Hereafter the intensity of severity begins to divert. Harshness against the Galatians still occasionally flares up (cf. 4:8–11, 21 and 5:2–4), but its sharpness is on the decline. In spite of the indignation functioning in 4:12–20, the common spiritual bond between author and addressees comes increasingly into focus: they are brothers in Christ (4:12), friends (4:12–18); he is their spiritual mother, now pleading with them (4:19–20). The move towards reconciliation continues in 5:7–12, as indicated by the compliment of 5:7, the note of confidence in 5:10, the ἀδελφοί appellation in 5:11. In addition, the Galatians are increasingly portrayed as victims, rather than culprits. In 5:13–6:10 severity is entirely absent and indications of closeness are apparent: the affectionate ἀδελφοί of 5:13 and 6:1, the inclusive ‘we’-language of 5:25–26 and 6:9–10. In the letter-closing Paul is protectively siding with his recipients (6:12–13). He blesses them with ‘the grace of our Lord Jesus Christ’ (6:18) and then, unexpectedly, adds ἀδελφοί and ἀμήν, asserting their familial bond in Christ.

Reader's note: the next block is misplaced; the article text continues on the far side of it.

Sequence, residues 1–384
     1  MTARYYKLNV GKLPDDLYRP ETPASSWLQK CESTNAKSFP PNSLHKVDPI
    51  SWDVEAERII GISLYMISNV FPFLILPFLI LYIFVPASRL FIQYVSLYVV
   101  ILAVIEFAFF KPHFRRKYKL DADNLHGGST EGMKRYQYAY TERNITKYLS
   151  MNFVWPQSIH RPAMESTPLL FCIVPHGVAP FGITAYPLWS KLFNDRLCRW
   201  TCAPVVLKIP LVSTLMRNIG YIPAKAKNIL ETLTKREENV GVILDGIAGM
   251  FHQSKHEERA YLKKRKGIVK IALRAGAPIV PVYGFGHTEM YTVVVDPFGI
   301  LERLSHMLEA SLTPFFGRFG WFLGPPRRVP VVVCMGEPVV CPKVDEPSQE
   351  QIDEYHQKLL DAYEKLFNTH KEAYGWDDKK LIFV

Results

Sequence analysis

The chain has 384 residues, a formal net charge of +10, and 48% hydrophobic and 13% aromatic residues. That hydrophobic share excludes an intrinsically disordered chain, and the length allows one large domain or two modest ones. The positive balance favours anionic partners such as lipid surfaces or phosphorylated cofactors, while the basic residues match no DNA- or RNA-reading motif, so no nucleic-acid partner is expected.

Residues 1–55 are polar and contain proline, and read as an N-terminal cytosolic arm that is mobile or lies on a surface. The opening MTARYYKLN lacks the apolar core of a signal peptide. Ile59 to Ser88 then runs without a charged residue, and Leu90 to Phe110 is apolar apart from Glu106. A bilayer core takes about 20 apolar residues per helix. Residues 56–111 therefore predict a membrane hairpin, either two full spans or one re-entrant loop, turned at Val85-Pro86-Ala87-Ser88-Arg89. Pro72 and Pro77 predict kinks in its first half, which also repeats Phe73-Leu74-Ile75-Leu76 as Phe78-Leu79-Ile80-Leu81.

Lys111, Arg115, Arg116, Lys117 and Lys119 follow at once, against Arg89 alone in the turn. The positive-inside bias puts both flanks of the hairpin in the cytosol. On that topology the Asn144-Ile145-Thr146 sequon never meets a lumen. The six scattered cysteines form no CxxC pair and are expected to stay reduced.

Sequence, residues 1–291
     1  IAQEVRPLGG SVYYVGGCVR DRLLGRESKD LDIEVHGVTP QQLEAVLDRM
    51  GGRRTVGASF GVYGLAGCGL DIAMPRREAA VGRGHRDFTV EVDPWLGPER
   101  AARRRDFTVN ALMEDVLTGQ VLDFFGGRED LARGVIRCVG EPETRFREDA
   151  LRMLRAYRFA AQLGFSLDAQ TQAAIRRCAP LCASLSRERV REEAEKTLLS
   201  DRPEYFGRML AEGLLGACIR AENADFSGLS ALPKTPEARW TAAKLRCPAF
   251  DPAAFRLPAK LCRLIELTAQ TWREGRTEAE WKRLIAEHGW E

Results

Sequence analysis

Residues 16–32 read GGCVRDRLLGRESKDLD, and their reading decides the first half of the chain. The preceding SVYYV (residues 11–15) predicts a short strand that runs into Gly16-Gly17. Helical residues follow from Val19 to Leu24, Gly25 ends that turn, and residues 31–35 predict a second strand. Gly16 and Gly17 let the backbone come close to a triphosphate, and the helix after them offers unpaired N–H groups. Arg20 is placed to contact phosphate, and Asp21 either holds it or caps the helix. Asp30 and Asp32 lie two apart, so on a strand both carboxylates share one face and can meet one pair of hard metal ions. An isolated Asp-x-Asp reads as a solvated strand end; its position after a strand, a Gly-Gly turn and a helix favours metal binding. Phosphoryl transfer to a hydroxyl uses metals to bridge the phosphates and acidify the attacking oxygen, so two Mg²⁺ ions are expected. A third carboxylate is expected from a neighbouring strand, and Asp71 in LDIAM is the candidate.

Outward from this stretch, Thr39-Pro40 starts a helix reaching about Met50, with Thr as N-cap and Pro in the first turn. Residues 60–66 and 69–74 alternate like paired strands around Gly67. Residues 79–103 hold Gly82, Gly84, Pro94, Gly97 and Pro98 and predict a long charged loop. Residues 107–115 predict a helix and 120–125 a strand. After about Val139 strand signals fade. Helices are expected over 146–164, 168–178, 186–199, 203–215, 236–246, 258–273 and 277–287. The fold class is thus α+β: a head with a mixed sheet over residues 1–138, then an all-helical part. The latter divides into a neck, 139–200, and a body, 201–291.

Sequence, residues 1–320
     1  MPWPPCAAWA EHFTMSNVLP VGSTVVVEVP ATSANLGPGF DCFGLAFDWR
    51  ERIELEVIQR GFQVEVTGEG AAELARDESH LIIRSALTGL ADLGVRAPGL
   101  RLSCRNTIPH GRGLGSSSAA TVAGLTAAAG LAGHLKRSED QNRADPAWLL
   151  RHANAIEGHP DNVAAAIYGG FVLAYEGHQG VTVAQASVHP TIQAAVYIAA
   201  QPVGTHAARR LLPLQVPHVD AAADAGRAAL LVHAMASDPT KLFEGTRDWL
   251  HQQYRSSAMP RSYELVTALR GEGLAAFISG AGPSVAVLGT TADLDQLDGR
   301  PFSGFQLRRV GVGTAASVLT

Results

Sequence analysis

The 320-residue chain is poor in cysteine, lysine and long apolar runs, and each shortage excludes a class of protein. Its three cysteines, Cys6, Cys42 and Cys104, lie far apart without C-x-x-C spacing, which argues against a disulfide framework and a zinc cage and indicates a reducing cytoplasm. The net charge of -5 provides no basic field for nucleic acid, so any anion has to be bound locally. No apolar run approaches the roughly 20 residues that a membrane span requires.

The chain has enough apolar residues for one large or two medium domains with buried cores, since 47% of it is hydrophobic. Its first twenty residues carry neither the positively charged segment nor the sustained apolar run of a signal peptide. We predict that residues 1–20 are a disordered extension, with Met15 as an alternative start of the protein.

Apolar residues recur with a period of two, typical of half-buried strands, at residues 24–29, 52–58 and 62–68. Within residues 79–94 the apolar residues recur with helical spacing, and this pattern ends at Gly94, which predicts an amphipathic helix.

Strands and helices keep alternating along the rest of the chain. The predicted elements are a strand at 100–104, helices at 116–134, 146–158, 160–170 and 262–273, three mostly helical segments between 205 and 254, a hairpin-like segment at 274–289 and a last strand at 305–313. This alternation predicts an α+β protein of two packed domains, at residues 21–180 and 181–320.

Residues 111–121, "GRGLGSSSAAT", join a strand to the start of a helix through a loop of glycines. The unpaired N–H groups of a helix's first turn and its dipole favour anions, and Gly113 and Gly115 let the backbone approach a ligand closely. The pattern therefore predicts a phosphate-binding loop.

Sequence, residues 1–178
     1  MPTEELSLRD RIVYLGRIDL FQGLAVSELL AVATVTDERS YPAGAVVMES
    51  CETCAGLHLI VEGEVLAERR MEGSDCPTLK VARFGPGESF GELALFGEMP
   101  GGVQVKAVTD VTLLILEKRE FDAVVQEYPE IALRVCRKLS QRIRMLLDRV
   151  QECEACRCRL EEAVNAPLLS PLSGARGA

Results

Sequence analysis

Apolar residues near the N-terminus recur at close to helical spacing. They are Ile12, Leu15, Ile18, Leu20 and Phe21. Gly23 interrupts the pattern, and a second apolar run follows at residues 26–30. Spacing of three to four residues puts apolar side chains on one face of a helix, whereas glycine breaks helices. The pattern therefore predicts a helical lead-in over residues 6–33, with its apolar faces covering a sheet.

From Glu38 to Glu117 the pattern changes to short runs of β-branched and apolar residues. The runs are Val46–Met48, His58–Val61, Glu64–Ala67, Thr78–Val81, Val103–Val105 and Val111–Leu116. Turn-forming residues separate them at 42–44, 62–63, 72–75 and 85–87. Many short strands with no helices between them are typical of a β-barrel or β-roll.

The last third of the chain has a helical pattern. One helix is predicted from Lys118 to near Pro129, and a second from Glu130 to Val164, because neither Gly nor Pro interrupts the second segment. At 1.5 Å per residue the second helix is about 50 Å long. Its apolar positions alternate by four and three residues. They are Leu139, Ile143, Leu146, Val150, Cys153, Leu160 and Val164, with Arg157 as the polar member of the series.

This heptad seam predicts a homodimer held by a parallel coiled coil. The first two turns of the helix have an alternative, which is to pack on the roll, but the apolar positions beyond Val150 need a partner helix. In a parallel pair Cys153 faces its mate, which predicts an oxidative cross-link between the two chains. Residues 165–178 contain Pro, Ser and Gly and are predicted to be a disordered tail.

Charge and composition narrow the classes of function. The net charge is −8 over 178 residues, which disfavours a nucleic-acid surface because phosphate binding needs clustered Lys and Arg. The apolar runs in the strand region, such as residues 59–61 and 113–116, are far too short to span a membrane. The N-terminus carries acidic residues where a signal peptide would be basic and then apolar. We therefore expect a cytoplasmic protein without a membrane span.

However, as we have seen, some reticence remains. Paul is walking on a tightrope: he must sustain the delicate balance between rapprochement and severity. Staying too severe could ruin relationships forever.11 He must draw the Galatians closer to him; but becoming too friendly could obscure the seriousness of the situation.

In contrast to the diminishing curve of severity on the first trajectory, harshness towards the Judaisers is relentlessly sustained. After it surfaced dramatically for the first time in Galatians 1:6–9, it is repeated in 2:4–5, 11–14 and 4:30. It flares up in 5:7–12, reaching its weird climax in 5:12. Even afterwards its intensity remains (cf. particularly 6:12–13). To slacken severity against them would have been fatal.